Cities have always been wealth creators. Cities have always been population sinks. This year, 2007, is the crossover point from a world predominantly rural to a world predominantly urban….
Hence my optimism. Cities cure poverty. Cities also drive birthrates down almost the instant people move to town. Women liberated by the move to a city drop their birthrate right on through the replacement rate of 2.1 children/woman. No one expected this, but that's how it worked out. As a result, there will be another billion or two people in the world total by midcentury, but then the total will head down—perhaps rapidly enough to be a problem, as it already is in Russia and Japan.
Poverty in the megacities (over 10 million) and hypercities (over 20 million) of the developing world will be highly visible as the disaster it is. (It was worse out in the bush, only not as visible there. That's why people leave.) But the poor who were trapped in rural poverty create their own opportunity once they're in town by creating their own cities—the "squatter cities" where one billion people now live. They recapitulate the creation of cities past by generating a seething informal economy in which everyone works. The dense slums, if they don't get bulldozed, eventually become part of the city proper and part of the formal economy. It takes decades.
Globalization and urbanization accentuate each other. Medical care that couldn't reach the villages can reach slum dwellers. The newly liberated women in the slums create and lead CBOs (community based organizations, some linked with national and global NGOs) to handle everything from child care to micro-finance. If the city has some multinational corporations closely surveiled by do-gooders back home, their pay rates and work conditions will raise the standard throughout the city.
The sudden urbanization is a grassroots phenomenon, driven by the resourcefulness and ambition of billions of poor people busy getting out of poverty as fast as they can.
Brand overstates the extent to which people are leaving the countryside voluntarily—he notes that China "helps the process," but doesn't mention that one way it does this is by seizing people's farms—but his larger points about the benefits of urban life, and of do-it-yourself neighborhoods run by the people who live in them, are well-taken.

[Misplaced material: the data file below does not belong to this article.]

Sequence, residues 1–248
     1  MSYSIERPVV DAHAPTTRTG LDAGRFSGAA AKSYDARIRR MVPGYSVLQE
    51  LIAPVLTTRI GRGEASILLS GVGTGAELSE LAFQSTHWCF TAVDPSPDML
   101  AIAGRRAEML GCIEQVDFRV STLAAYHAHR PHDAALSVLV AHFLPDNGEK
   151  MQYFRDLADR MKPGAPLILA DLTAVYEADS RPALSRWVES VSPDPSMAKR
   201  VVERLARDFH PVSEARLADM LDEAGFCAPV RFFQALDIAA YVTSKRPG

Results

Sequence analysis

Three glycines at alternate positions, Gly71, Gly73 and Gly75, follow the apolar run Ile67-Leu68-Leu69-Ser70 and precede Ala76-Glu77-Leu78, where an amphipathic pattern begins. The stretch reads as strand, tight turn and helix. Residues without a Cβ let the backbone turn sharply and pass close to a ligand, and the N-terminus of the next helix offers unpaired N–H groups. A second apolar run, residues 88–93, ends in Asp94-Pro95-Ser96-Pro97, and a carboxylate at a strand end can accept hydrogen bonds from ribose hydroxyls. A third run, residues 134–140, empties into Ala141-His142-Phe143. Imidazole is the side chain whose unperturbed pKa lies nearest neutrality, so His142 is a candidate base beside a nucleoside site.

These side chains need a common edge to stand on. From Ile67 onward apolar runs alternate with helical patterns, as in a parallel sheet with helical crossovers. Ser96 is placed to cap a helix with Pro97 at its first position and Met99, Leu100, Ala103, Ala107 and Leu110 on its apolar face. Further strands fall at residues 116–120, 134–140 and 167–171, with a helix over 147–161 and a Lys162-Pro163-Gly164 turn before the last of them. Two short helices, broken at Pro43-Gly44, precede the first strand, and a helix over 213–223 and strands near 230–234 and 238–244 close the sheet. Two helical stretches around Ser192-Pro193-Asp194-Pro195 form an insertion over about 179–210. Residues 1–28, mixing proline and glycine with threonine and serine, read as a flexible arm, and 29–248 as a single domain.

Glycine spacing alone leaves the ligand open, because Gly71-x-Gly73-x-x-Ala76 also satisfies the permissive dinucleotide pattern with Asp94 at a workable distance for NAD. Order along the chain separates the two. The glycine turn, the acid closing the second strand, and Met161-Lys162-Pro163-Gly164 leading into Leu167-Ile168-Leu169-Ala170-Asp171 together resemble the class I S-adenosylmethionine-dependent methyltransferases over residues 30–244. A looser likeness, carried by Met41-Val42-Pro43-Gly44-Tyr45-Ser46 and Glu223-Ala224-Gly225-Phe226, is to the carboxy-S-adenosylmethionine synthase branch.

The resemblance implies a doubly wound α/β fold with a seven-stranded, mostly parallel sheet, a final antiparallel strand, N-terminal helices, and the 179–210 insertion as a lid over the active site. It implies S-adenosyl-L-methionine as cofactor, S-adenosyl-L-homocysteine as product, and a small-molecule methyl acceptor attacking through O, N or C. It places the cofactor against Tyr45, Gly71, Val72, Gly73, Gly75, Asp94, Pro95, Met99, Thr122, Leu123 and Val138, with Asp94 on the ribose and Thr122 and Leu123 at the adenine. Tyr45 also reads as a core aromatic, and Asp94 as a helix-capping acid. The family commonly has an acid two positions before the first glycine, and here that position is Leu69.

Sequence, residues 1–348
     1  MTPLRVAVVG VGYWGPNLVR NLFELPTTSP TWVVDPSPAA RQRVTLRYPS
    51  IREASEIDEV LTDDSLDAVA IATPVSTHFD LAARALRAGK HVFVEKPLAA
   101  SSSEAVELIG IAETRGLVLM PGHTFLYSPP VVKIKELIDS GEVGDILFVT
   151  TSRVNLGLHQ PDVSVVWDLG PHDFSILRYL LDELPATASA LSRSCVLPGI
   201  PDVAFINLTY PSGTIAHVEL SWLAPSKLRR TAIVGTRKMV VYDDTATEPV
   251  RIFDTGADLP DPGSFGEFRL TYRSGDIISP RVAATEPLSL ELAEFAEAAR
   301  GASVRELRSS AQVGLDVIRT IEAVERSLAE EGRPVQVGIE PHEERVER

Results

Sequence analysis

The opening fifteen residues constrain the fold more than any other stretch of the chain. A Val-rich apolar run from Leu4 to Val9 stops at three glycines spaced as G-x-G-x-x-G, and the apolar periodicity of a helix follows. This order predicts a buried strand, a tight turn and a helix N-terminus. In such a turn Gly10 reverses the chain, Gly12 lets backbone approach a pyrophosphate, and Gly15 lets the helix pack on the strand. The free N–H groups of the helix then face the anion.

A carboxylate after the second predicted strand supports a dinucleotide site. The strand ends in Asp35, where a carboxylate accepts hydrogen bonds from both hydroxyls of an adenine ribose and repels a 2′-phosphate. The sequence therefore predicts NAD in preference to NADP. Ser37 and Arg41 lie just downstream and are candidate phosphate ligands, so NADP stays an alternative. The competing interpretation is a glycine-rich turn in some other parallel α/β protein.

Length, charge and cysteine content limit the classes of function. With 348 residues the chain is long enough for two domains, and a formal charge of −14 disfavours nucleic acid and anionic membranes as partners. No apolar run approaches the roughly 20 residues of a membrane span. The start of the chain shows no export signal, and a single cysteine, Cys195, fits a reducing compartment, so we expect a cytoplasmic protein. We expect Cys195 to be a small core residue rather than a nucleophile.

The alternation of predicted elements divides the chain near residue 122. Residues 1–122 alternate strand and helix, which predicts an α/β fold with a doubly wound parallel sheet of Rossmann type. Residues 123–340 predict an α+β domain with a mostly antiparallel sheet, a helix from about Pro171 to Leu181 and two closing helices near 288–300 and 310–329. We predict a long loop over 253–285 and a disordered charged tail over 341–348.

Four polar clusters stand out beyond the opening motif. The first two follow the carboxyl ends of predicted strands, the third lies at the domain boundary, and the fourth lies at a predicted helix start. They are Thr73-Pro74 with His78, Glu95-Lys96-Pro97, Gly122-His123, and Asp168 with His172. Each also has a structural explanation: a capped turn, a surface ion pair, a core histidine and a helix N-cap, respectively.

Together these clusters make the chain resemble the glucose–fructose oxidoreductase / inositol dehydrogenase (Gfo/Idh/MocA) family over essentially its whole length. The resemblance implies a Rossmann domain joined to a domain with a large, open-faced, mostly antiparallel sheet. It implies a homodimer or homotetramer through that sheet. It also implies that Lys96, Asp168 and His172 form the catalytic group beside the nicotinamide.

Another former Whole Earth editor, Howard Rheingold, answered Edge's question as well. Here's an excerpt:
The tools for cultural production and distribution are in the pockets of 14 year olds….The eager adoption of web publishing, digital video production and online video distribution, social networking services, instant messaging, multiplayer role-playing games, online communities, virtual worlds, and other Internet-based media by millions of young people around the world demonstrates the strength of their desire—unprompted by adults—to learn digital production and communication skills. Whatever else might be said of teenage bloggers, dorm-room video producers, or the millions who maintain pages on social network services like MySpace and Facebook, it cannot be said that they are passive media consumers. They seek, adopt, appropriate, and invent ways to participate in cultural production. While moral panics concentrate the attention of oldsters on lurid fantasies of sexual predation, young people are creating and mobilizing politically active publics online when circumstances arouse them to action.
As an increasingly cheap and portable Internet penetrates the Third World's squatter cities, expect lots of fascinating surprises as Brand's favorite trend intersects with Rheingold's.